It was in 1976 when I and a handful of colleagues – all of us environmental health officers – woke up to the enormity of what the government had done in signing us up to the EEC.
We had only been in a couple of years and a programme was under way of integrating into UK law all the EEC directives that had been passed before we joined the community. One of those was the now infamous (to us) poultry meat marketing directive (Directive 71/118/EC) which the Ministry of Agriculture, Fisheries and Food was proposing to transpose as the Poultry Meat (Hygiene & Inspection) Regulations 1976.
From a strictly selfish point of view, we saw in the regulations a threat to our own profession. This stemmed from our own very history as a nation in that, in Europe, the institution of the environmental health officer (EHO) was unique to the UK. For historical reasons, our public health system had evolved within a framework of local authorities and Medical Officers of Health, with the EHOs doing the field work, including the all-important inspection of meat and poultry production and the control of imported food.
On continental Europe, by contrast, the system was invariably managed by central government , with the field work carried out by veterinary officers – usually qualified veterinary surgeons. And, because EHOs did not exist on the continent, we were being obliged to scrap our system and adopt the continental system.
As our campaign against the regulations developed and matured however, we needed to attract allies, so the scope of our attack widened, with the state of play being summed up in an article I wrote for News Scientist in July 1976, published, by coincidence, on my 28th birthday. (Click on each page facsimile to read the full paper).
For all of us closely involved in the campaign, which we called F.L.A.G (Food Law Action Group), the learning curve did not stop there. In what was our first substantive contact with EEC we found that this was more than just a technical directive. It sought to change fundamentally the whole nature of the food control system in the UK.
As far as imported food controls went, the philosophy was one of inspection according to a harmonised regime by national authorities at the point of production, with no further inspections when produce crossed any borders, as opposed to our system which relied largely on inspection at the point of entry.
The two different systems each have their own merits but the point of issue was that the "point of production" system was more attuned to continental trade, where border controls were difficult to enforce – as opposed to our system which worked because we live on an island. In other words, we were being forced to dismantle a system developed for an island economy, in favour of one developed for a continental land mass, all in the name of political integration.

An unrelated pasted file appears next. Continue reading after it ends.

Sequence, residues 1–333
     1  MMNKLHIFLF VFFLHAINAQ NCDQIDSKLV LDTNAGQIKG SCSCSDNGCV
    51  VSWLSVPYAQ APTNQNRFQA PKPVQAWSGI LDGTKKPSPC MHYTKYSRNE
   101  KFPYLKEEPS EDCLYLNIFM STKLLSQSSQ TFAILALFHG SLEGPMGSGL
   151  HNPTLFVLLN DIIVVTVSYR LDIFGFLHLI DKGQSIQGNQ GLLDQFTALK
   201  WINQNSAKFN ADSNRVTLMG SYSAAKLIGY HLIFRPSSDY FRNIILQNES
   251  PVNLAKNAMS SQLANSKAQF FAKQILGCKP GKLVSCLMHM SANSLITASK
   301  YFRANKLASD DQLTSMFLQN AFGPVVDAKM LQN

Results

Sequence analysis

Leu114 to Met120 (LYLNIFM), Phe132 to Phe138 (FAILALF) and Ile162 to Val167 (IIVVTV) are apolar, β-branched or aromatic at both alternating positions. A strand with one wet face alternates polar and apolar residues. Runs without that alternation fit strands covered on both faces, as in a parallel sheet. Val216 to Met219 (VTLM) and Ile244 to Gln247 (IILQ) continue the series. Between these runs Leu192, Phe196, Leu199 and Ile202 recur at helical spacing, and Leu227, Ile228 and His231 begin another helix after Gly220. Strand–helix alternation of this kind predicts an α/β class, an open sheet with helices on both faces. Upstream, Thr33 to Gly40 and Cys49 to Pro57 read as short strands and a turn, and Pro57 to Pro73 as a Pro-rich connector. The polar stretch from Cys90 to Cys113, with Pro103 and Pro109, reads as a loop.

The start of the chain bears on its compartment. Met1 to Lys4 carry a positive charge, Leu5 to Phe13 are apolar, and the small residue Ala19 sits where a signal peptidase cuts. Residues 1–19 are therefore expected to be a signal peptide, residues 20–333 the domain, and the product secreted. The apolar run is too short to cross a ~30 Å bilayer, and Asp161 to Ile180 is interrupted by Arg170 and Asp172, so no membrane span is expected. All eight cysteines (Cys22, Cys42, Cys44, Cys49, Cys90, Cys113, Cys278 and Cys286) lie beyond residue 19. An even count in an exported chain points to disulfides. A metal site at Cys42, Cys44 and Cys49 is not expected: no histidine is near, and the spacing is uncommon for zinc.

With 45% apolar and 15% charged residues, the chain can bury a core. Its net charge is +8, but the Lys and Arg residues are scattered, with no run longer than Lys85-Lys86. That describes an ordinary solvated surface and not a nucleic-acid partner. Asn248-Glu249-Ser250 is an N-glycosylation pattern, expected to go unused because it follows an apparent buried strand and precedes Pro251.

Despite a spirited campaign, when we actually forced a "prayer" against the regulations and a debate in the House of Commons, we lost the vote when the Tory front bench, with the support of the NFU, changed sides and supported the then government, casting its vote in favour of the regulations. Without that betrayal, we might have won the vote.
With that, we have seen a slow but inexorable revolution in the way our public health system is managed, and in the way our border controls are applied, with the outcome which is now only too evident - as lamented at length in the The Daily Telegraph today.
Thus it is that we are told that even if the government was convinced of a link between Hungarian imports and the Suffolk bird flu outbreak, ministers say their hands are tied by European laws that prevent countries imposing unilateral food bans. In this particular instance, it is the EU Directive on Avian Flu lays which sets down the limits of our government's powers, but this Directive stems from the same wellspring as did 71/118/EEC – the Treaty of Rome.
So it is that next month, the Europhiles will be celebrating the 50th anniversary of that Treaty. And, when they do, then perhaps will be an appropriate time to remind people that it was that instrument, which the government signed up to in 1972, which robbed successive governments of the power to protect their citizens (and industries) from the risks of imported infectious diseases.
The worst of it is, though, that so few people understood how the old system worked, and even few have any idea how the EU system operates – and why it is fundamentally flawed – that the moment will be lost. Advocates of the EU will tell us that one of the benefits of our membership is "improved safety", when the reality is that it has created an open door and a welcome mat for potential killers.
But it was the same back in 1976, when it first dawned on us what our government had done. Ever since, I have been writing, speaking and doing all manner of campaigning, to get the central message across that we have given up important powers, to the detriment of our own society.
On seeing the "born again shock" of the likes of the Telegraph, as a new generation of journalists learns of the reality of the EU, one has this weary sense of déjà vu. We have seen it all before – nothing has changed in the 30 years of our membership. That was what our government signed up to. That's what our MPs agreed to and they continue to agree to this situation to this very day.
However, in a few days time – unless the unlikely does happen and there is a epidemic of human host-adapted H5N1 – all this will be forgotten … until the next time. Would that we could have a "Soylent Green" moment, when the whole population woke up to the enormity of what our governments have done. But it ain't going to happen - yet. It is going to take bodies in the streets, and it is unlikely that bird flu will put them there.
Needless to say, if you look up today, you will see the sky black with chickens … coming home to roost.